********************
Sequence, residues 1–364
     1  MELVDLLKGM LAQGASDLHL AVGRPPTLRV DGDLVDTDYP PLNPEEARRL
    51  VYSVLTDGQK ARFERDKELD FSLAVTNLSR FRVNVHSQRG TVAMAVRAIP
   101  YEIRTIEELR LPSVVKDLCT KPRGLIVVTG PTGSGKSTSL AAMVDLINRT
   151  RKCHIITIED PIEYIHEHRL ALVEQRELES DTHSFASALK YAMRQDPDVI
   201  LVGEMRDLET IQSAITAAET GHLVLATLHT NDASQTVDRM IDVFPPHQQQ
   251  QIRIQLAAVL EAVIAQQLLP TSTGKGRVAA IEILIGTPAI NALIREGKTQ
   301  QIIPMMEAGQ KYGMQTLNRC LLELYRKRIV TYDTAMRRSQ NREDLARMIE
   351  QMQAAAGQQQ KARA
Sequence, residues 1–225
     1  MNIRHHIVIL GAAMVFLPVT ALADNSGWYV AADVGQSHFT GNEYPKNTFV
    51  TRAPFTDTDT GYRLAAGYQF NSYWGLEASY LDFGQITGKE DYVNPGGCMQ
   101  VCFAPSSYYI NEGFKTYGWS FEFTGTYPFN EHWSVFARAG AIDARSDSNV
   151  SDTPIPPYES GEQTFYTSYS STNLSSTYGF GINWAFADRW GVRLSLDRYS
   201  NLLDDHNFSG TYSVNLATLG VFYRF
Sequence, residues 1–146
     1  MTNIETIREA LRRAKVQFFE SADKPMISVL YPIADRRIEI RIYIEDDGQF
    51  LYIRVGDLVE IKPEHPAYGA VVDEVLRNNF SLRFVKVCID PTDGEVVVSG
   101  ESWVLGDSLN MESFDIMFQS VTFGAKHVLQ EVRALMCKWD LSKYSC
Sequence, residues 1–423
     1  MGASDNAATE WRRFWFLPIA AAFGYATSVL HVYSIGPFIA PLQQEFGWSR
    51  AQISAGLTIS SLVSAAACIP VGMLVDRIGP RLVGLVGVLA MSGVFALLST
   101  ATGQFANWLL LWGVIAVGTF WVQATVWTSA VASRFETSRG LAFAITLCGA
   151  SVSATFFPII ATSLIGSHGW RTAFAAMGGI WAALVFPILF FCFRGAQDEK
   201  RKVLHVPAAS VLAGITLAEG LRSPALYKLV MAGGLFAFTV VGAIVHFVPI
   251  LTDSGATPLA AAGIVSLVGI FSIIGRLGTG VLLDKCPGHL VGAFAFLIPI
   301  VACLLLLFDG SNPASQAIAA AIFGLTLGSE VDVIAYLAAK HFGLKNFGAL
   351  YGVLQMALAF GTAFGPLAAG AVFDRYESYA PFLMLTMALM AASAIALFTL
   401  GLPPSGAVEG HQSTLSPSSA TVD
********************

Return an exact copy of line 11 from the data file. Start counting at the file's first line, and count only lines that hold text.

     1  MNIRHHIVIL GAAMVFLPVT ALADNSGWYV AADVGQSHFT GNEYPKNTFV